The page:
Plant evolution in Archaeozoic and Proterozoic Eras

The Archaeozoic and Proterozoic eras are commonly referred to as precambrian time.  The Archaeozoic era begins about 4,560 million years ago, followed by the Proterozoic era from 3,800 million years ago to 610 million years ago.

4,600 million years back the earth formed into a solid object. 4,300 million years ago the Earth was warmed by gravitational action and radioactivity.  The inner core collected heavy atoms and the layers stratified. Water, methane, ammonia, hydrogen, nitrogen and carbon dioxide began to form an atmosphere.

By 4,000 million years back the Earth was no longer under constant bombardment by debri floating around our solar system.  By 3,800 million years ago a crust had formed on the surface and the water in the atmosphere had condensed into oceans.

3,500 million years ago single celled organisms first appeared.  Cyanobacteria forms during this time and finds a way to synthesize sunlight into food.  This blue-green algae absorbed carbon-dioxide, and released oxygen into the atmosphere which strengthened the ozone layer which protects the earth from some of the radiation from the sun. The cyanobacteria thrived on the surfaces of the planet’s oceans forming stromatolites, or communities of cells of cyanobacteria. The cyanobacteria cells each gave off a sticky film which trapped sediments.  Sediments got stuck together and the cells climbed on top of the sediment to get closer to the sunlight.  More sediment got trapped, more cells climbed up and you ended up with a mushroomed shaped collection of cyanobacteria floating through the ocean. Stromolite communities of blue-green algae can still be found today in warmer, shallow oceans today. Cyanobacteria frequently makes its appearance today in aquariums and home ponds, much to the dismay of the caretakers.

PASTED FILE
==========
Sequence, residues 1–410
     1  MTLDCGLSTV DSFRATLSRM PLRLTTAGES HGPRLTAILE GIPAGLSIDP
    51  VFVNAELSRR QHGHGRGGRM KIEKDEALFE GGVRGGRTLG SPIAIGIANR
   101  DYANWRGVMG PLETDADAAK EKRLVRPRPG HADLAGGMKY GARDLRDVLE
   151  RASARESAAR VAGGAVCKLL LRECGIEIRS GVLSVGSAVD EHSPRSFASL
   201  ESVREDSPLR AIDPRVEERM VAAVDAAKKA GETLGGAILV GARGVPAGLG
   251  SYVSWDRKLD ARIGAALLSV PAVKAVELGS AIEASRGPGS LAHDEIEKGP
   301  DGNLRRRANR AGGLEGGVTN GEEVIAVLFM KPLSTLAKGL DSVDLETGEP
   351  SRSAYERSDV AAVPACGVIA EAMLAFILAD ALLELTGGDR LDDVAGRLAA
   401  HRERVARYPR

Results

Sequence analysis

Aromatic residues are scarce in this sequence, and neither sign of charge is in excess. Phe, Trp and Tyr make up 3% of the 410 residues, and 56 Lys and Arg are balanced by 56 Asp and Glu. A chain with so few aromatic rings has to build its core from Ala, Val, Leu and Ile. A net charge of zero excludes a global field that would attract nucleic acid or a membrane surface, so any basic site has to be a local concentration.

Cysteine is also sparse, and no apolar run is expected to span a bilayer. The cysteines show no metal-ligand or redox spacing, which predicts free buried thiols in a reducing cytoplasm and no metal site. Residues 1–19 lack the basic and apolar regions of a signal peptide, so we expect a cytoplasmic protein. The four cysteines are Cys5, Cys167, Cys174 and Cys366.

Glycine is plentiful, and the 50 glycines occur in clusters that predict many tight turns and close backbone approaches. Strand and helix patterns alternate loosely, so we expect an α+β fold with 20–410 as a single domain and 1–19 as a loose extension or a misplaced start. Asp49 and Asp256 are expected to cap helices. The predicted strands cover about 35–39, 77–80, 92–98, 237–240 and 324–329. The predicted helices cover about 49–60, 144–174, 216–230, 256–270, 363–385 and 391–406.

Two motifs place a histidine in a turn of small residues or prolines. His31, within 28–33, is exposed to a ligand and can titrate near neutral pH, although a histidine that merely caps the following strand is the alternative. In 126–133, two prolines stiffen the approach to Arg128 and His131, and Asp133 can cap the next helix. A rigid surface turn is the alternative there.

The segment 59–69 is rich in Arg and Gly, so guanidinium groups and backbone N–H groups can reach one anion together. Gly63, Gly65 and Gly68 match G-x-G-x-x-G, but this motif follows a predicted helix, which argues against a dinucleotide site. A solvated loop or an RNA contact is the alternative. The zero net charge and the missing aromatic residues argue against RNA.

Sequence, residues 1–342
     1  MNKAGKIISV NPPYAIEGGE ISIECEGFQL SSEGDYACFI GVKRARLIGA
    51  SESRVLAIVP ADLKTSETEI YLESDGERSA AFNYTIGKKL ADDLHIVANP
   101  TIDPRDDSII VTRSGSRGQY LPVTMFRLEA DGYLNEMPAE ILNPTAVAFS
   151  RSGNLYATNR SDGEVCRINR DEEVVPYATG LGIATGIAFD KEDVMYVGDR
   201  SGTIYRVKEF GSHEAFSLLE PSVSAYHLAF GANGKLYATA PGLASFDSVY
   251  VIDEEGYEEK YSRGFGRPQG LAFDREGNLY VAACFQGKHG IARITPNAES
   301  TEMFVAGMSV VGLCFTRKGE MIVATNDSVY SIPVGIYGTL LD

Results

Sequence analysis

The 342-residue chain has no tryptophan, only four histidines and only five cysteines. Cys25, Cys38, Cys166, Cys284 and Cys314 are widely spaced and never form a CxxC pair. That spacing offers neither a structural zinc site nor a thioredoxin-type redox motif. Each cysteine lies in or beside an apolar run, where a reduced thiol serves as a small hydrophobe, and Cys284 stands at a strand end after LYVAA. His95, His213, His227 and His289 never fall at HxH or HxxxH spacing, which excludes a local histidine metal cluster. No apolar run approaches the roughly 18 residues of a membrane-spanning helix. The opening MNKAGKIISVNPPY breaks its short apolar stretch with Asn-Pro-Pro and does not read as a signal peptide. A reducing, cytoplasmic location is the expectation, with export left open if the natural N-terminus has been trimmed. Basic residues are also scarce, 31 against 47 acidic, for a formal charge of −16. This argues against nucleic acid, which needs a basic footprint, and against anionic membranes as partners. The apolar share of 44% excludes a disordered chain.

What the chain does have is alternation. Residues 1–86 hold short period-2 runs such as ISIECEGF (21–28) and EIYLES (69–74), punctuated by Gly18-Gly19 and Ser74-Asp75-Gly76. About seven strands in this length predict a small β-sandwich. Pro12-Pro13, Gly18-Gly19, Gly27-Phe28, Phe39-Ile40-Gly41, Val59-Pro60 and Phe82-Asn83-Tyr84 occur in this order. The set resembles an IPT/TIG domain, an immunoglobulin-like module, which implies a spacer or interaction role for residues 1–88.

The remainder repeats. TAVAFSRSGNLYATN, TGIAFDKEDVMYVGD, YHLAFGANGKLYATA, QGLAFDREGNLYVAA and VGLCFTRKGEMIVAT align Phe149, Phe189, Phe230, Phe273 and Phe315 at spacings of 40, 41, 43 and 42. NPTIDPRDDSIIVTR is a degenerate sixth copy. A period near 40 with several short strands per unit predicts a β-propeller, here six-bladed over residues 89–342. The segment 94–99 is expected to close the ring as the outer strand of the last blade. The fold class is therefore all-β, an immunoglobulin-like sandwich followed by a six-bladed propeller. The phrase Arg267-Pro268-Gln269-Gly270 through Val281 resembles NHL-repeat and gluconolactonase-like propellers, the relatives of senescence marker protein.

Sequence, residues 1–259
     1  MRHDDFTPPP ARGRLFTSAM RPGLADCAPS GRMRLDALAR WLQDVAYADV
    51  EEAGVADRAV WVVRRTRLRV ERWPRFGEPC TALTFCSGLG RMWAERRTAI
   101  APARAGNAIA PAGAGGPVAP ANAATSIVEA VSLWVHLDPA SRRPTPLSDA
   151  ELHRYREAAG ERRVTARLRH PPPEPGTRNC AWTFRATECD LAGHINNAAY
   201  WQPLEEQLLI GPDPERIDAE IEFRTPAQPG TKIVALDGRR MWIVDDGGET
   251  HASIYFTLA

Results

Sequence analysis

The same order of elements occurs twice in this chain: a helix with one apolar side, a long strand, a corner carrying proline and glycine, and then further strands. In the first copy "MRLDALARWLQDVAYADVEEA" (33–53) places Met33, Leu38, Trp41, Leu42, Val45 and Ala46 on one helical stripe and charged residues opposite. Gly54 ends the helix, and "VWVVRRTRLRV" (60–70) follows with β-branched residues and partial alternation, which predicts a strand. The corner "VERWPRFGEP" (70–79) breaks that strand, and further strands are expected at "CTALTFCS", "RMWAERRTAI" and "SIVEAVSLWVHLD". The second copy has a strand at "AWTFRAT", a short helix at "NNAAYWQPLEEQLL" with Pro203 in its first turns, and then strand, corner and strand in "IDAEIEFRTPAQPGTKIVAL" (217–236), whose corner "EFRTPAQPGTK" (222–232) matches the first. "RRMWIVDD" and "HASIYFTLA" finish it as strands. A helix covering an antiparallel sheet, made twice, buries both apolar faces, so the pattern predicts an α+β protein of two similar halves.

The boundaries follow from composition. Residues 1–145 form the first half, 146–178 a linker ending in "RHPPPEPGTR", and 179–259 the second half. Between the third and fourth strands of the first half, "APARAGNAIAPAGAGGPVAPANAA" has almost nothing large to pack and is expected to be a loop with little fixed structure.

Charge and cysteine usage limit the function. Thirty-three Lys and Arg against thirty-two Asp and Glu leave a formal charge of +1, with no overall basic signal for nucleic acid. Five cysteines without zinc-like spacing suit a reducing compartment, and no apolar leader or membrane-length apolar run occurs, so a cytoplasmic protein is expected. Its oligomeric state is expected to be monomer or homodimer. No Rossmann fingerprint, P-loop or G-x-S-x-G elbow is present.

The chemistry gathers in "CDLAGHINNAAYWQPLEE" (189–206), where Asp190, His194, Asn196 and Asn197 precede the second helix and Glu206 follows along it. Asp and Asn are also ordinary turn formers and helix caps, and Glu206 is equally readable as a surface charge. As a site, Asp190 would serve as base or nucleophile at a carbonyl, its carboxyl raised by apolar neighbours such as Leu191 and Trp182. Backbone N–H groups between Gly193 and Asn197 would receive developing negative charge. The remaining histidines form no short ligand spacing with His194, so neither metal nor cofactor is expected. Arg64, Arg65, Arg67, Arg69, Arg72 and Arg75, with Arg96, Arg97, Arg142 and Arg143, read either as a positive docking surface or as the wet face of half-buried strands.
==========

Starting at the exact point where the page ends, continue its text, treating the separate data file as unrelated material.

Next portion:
Around 1,500 million years ago prokaryotes ( cells with walls ) begin to capture other cells.  In time the captured cells become the nucleus, organelles and chloroplasts of cells and eurkaryotes emerge.  The captured cyanobacteria becomes chloroplast.  Chloroplasts are orgenlles inside a cell and they are what convert sunlight into energy.  All the green parts of your plant are made up of cells containing chloroplasts. About 500,000 chloroplasts are in a square millimeter of leaf surface.

This era we also brings us thermophiles. These bacteria live at the bottom of the ocean near volcanic vents. They thrive in boiling water. They need no sun, nor CO2. They too have survived all the upheavals and can be found today inside hot water springs and geysers.

Near the end of this era most of the land is locked into one continent, Rodinia. The United States is down by the south pole and mostly covered in a sheet of ice. This is a cold time in the planet’s history.

See also:
Stromatolites: The longest living organisms on Earth
Evolutionary timeline
Map of late precambian world

2 thoughts on “Plant evolution in Archaeozoic and Proterozoic Eras

  1. Coincidence; I was just reading about the Precambrian era this morning. The thing that really struck me is that basically ALL the oxygen on the planet was created by the plants. Until plants had built up enough oxygen, there was no animal life on the planet. Also interesting is that Northern Europe and Siberia spent quite a bit of time down towards the equator. Interesting stuff.

  2. I know, I hadn’t realized that either.

    It occurred to me last month that I knew all sorts of stuff about human evolution, but nothing about plants. So I dug into it.

    It turned out to be much more interesting than I anticipated.

    What I found fascinating is even the parts of the continents that stayed at or near the poles had warm climates at various times. It the ice really does melt from the current warming, it won’t be the first time.

Comments are closed.